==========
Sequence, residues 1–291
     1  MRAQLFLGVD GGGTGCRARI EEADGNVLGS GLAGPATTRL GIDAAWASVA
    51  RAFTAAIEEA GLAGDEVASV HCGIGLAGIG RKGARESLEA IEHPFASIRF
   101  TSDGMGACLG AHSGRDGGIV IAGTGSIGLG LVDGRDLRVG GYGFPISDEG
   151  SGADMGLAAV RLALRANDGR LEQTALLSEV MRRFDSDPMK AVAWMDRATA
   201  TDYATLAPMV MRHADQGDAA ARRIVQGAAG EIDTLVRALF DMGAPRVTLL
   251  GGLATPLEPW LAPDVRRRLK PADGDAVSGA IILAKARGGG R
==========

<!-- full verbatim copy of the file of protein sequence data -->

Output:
Sequence, residues 1–291
     1  MRAQLFLGVD GGGTGCRARI EEADGNVLGS GLAGPATTRL GIDAAWASVA
    51  RAFTAAIEEA GLAGDEVASV HCGIGLAGIG RKGARESLEA IEHPFASIRF
   101  TSDGMGACLG AHSGRDGGIV IAGTGSIGLG LVDGRDLRVG GYGFPISDEG
   151  SGADMGLAAV RLALRANDGR LEQTALLSEV MRRFDSDPMK AVAWMDRATA
   201  TDYATLAPMV MRHADQGDAA ARRIVQGAAG EIDTLVRALF DMGAPRVTLL
   251  GGLATPLEPW LAPDVRRRLK PADGDAVSGA IILAKARGGG R